The general concensus in the local bar, which should always be highly valued, is that I may not have access to La Carossa for another three weeks, provided it does not snow again in three weeks.
She has been waiting on me for many years now, but is getting tired.
This makes me think of the old story about the priest whose flock had a higher than average alcohol consumption habit – a problem he could not resolve. He however thought to give it another go during his next sermon and as a demonstration at the beginning had two glasses, one filled with water, the other with wine and he dropped a couple of worms in each. At the end of the sermon he pointed out to the congregation that the worms in the water was still wriggling whereas those in the wine were dead. Hopefully, he asked the attendees what conclusion could they come to from this and soon an old gentleman in the front row rose to a stand and said ” Yesh, to get rid of worms in ones intestines one should avoid water and drink a lot of wine”
Yesterday was cheese making day and I discovered that I had no home made distilled water to re generate the frozen starter cultures. Instead I used tap water, with disastrous results. The milk would not even begin to form curds. After a lot of soul searching, I concluded that DCC must have put such a lot of chlorine and whatever other chemicals in the water (after the water contamination scare of last week) that their water obviously killed any bacteria, enzyme and other living matter in my cultures and in the milk. I took half a day and made some distilled water and tried to make cheese again, but now using CLEAN water – eureka! Perfect cheeses made for the cheese safe!
Needless to say, as always, I am not surprised at the poor state of health of the general population. Agricultural pollution, faulty pipes, and bad government all contribute to polluted drinking water. I can only imagine what the chemically laden dirty water does to our gut fauna and flora and subsequent health.
ONLY drink council water if you want to get rid of worms – I have already ordered my rainwater tank.
Panettone is traditionally eaten throughout Italy and the world by Italians during the Christmas period. The origin of panettone is from Milan where we consume it all year round. It is a tedious and long process to make, but always worth the while.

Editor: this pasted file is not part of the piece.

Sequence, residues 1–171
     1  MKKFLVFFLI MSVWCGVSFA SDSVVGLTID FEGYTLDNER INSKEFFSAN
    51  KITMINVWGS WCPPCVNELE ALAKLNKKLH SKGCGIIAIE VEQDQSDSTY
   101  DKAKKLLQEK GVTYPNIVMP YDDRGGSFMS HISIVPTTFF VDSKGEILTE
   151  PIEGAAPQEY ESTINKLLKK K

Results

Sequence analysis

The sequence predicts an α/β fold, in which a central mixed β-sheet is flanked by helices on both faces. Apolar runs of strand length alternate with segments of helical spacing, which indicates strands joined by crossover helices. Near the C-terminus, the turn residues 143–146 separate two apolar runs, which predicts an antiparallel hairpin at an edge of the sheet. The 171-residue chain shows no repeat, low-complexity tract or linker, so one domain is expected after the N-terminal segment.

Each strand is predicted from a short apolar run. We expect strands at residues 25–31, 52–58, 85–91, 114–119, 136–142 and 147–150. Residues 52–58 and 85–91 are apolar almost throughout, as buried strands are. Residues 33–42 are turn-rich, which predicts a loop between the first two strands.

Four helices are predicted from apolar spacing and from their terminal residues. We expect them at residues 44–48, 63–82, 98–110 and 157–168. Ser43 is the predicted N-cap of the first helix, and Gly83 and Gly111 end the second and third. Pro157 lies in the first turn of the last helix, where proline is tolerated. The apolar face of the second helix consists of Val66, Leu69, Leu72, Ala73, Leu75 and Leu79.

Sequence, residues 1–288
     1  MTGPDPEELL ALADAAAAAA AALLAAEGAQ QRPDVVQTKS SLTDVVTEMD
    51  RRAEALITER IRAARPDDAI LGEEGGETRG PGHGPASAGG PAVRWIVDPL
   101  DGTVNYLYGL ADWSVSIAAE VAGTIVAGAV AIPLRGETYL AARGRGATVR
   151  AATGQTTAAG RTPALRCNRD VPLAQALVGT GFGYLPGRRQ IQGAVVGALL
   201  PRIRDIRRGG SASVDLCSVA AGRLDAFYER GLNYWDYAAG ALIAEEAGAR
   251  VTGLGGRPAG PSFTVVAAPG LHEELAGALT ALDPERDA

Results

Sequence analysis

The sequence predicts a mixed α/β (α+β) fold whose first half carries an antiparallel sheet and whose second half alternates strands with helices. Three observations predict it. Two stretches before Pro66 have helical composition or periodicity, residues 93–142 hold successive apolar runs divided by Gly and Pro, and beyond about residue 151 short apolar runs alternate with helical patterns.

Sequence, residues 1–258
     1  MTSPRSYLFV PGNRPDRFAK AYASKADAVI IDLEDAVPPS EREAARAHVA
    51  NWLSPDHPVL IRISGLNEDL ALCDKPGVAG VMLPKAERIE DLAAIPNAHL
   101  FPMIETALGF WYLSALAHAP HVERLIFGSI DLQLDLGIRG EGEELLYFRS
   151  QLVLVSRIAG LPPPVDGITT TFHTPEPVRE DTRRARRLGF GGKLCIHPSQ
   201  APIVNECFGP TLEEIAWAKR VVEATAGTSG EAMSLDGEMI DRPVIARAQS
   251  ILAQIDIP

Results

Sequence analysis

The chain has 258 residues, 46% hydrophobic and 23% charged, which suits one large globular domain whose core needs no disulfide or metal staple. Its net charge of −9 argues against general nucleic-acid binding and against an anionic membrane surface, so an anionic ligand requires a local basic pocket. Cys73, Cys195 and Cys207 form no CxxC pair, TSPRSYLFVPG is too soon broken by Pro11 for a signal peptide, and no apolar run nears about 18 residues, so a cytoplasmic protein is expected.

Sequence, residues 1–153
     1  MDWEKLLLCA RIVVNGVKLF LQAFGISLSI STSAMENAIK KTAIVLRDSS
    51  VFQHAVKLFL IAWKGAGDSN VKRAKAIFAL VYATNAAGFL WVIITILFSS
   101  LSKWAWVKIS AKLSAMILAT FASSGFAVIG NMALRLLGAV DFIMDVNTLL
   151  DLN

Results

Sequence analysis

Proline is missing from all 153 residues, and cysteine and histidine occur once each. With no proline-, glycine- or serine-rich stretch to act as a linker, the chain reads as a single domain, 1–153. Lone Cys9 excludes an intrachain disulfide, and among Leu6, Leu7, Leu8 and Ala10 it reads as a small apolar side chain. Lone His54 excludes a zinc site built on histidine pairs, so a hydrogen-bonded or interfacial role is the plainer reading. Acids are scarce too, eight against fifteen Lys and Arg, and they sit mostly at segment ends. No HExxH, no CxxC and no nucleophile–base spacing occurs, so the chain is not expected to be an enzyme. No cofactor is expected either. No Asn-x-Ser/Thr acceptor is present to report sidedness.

150 g Sugar
15 g Natural Live Yeast
260 g Biga (50:50)
200 g Egg Yolks
340 g Flour
220 g Butter
1185 g TOTAL
Dissolve the sugar and live yeast in the Biga, then add the egg yolks and flour and mix well until even. Ad the soft butter and mix well. Let it levitate 12 to 14 hours at 25°C or until triple in volume.
200 g Flour
35 g Sugar
50 g Egg Yolks
50 g Butter
10 g Salt
3 g Vanilla Pods
200 g Sultanas pre-soaked and dried
180 g Candied Fruit
50 g Orange Peel
778 g TOTAL
1963 G GRAND TOTAL
Knead the flour and first kneading until elastic. Add the sugar and the egg yolks and mix / knead thoroughly, then add the butter, salt and vanilla and mix until even. Lastly add the fruit and mix well.
Let the dough proof for one hour, then divide into portions and let it rest for another hour. Pirlare (to make the dough round) and place into moulds lined with baking paper.
Levitate at 30°C for 5 to 6 hours or until triple in volume. Bake at 160C for twenty minutes, rotate the moulds and bake another 40 minutes at 150 C (Approximately 60 minutes per kilogram for each mould). When taken from the oven, turn upside-down and rest for at least 3 hours, then put in bags and store.
For some time we every year imported a 10 Kg Albertengo Moscato Panettone from Albertnego in Italy.